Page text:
It seems such a long time since my holidays but it's really only been two weeks. Today I have another of our days out to share: it's quite a picture-heavy post as there was so much to see.
I'd seen a notice in the papers about an exhibition by the American artist, KAWS, at Yorkshire Sculpture Park and thought it was something Chickpea's boyfriend might enjoy. Both of them are fans of animation and KAWS is known for his strange cartoon-like paintings and sculptures. Off we went.
The Park is set in 500 acres near Wakefield with over 100 artworks on display at any one time. Entry is free though there's a charge for parking. There are some indoor galleries but the majority of work is in the open air.
We set off towards the KAWS sculptures passing by lots of others on the way.
|Crawling - Sophie Ryder|
|Sitting - Sophie Ryder|
|Ten Seated Figures - Magdelena Abakanowicz|
|Crossing - Nigel Hall|
This one, Night and Day by Marialuisa Tadei, was one of our favourites. It just glowed amongst the greenery.
|Octopus - Marialuisa Tadei|
I also enjoyed the Galloping Horse by Julian Opie. It was double-sided so you could see the horse moving across the landscape from different parts of the park.
The sculptures by KAWS (real name Brian Donnelly) were in a cluster by the lake.
You can see by the size of the people nearby just how huge they were.
There was a second exhbition of his work at the gallery at the other end of the park so we headed in that direction.
If you've ever been to see Another Place at Crosby beach, you'll instantly recognise this as being by Antony Gormley.
The indoor gallery is on top of the hill. We've just walked up along the side of this field. The main buildings and car park are just visible in the distance.
In the gallery there were paintings as well as smaller sculptures.
By this point, we were getting pretty peckish but it turned out that the 'coffee shop' was just a kiosk with only drinks and snacks (chocolate, crisps etc). We refuelled with a cup of tea and a biscuit and set off back to the main building in search of something more substantial.
On the way back, this bench caught my eye - so moving.
We also passed another of my favourites of the day, Dennis Oppenheim's Trees: From Alternative Landscape Components 2005-6. Like this one, all the trees were made from random bits of metal like kitchen sinks and baths.
|Fly Away Home - Asha Munn|
|Family of Man - Barbara Hepworth|
Hurray, we've reached the main building and time for food! You can see the same field we walked along from the gallery on the left of the photo.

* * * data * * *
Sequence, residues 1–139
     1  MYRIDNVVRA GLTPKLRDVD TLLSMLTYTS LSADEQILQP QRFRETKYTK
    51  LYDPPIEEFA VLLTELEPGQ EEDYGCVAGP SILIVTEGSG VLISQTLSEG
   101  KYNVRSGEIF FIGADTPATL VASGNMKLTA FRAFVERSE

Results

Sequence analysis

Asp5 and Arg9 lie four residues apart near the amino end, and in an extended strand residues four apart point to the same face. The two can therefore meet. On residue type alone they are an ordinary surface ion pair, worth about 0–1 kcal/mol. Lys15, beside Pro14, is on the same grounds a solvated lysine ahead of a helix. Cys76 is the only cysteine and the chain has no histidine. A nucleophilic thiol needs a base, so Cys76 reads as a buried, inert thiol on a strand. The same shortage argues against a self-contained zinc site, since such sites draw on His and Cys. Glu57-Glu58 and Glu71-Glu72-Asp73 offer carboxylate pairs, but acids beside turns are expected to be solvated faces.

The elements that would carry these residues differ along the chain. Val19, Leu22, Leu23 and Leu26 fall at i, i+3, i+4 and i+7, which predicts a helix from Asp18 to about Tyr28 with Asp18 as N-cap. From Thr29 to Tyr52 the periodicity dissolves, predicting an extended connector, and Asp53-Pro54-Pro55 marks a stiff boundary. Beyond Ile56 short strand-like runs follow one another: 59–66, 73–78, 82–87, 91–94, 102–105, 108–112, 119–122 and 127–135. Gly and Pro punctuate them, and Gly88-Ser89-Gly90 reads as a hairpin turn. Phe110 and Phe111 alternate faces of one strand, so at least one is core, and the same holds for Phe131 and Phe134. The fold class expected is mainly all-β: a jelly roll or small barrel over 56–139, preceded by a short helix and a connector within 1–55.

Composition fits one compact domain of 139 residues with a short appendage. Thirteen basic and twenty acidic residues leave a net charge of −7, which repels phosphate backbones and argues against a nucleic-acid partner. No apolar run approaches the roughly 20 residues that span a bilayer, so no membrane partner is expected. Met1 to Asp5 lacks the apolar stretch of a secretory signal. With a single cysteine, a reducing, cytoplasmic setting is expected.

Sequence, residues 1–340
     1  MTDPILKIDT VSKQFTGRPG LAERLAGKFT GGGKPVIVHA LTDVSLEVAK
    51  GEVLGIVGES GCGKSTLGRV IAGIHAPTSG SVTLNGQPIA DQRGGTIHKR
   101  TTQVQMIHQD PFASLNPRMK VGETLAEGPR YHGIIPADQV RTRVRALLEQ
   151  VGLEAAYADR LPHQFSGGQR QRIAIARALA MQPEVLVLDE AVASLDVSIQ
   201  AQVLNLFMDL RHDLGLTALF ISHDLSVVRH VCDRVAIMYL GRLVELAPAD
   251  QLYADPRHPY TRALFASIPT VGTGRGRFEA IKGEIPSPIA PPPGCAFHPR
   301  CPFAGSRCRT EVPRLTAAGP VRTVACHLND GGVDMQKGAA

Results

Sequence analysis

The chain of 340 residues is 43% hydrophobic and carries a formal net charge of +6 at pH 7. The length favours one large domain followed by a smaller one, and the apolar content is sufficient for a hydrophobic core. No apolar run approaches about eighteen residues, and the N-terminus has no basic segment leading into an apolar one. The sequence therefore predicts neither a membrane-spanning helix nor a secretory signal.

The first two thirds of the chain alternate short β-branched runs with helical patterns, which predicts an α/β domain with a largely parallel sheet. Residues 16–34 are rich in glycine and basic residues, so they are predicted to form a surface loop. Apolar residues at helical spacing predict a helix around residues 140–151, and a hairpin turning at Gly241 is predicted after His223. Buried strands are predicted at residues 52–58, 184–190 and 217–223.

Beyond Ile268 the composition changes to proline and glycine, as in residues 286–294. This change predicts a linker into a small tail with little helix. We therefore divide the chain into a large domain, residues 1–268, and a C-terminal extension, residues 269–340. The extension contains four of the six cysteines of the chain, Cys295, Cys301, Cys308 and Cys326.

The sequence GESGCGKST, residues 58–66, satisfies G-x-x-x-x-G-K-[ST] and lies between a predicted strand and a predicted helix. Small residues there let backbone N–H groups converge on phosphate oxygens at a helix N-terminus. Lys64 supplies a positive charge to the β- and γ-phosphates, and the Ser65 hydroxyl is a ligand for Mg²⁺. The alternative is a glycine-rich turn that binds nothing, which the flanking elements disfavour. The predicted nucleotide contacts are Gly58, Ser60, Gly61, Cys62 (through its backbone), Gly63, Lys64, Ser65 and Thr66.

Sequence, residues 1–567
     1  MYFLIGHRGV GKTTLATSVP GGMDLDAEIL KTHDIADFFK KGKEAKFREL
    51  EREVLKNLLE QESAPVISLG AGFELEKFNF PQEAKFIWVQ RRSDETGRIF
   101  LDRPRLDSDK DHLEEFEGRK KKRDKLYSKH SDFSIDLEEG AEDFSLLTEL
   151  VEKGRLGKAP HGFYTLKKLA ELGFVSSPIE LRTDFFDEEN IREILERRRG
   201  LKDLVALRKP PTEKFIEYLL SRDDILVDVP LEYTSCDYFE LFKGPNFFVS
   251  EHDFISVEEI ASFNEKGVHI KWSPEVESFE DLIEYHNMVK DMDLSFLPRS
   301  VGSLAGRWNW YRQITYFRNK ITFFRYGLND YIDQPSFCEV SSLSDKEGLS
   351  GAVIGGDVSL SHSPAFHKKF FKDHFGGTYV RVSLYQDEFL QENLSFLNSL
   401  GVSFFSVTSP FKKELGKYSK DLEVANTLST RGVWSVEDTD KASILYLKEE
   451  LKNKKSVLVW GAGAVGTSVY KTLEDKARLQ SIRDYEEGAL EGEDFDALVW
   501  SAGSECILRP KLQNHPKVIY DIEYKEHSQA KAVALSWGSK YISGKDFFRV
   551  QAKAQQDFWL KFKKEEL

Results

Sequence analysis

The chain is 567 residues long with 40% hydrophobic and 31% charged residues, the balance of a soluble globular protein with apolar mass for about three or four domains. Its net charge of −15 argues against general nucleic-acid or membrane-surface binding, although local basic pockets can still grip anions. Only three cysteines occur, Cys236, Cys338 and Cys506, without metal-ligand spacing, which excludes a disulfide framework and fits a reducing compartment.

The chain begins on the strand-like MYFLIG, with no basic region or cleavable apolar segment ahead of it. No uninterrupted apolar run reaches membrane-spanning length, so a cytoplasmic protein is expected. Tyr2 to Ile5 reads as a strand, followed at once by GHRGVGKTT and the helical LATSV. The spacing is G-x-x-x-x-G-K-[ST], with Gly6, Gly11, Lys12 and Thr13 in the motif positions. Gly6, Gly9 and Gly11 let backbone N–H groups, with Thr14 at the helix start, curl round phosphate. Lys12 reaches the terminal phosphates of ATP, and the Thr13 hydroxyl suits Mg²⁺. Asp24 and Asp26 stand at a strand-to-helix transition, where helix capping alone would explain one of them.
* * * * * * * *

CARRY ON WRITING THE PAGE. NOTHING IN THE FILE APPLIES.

Refreshed, it was time to explore the other side of the park. Gorgeous views across the open countryside.
We were heading for the old chapel.
Outside was the Iron Tree by Ai WeiWei.
Inside was a video installation, Fire Woman, by Bill Viola. As we walked through the door of the chapel and into the darkness, the video was being projected onto the wall: the silhouette of a woman in front of loud, raging fire. As you watched, the woman disappeared and the flames gradually transformed into calm water. Really impressive. If you'd like to see it, the 11 minute video can be viewed here.
|Three piece reclining figure - Henry Moore|
|Large Totem Head - Henry Moore|
In the 18th century deer shelter is another 'experience' James Turrell's Deer Shelter Skyspace. The name makes me think of a character in a sci-fi movie! Anyway, go inside and there's a white room with marble benches all around the outside.
And a square hole in the ceiling to gaze at the sky. It's meant to be a place of quiet contemplation but was filled with kids messing about and therefore anything but quiet. A shame as I can imagine it feeling very restful.
Anyway, plenty of peace and space to be found in the rest of the park.
|Draped seated woman - Henry Moore|
|Jonathan Borofsky - Molecule Man 1+1+1|
And last but definitely not least, Buddha by Niki de Saint Phalle - another of our favourites.
Well done if you've made it to the end! I think we had at least 5 hours there and there were still parts of the park and galleries we didn't explore. I'd definitely recommend a visit if you're in the area.
Of course, I couldn't leave without buying a souvenir from the excellent (though pricey) gift shop...
...a wooden tree and a pack of multi-coloured leaves. It was only when I got home that I realised I had some wooden birds from the same range. They all look really at home together :)
Hope you're enjoying St George's Day. Or maybe you're celebrating the 400th anniversary of Shakespeare's death? Which is a bit weird given that it's also his birthday!
It's a busy day then, but did you also know that it's traditionally the day to harvest dandelions for making wine? Now that does sound like something to celebrate ;-)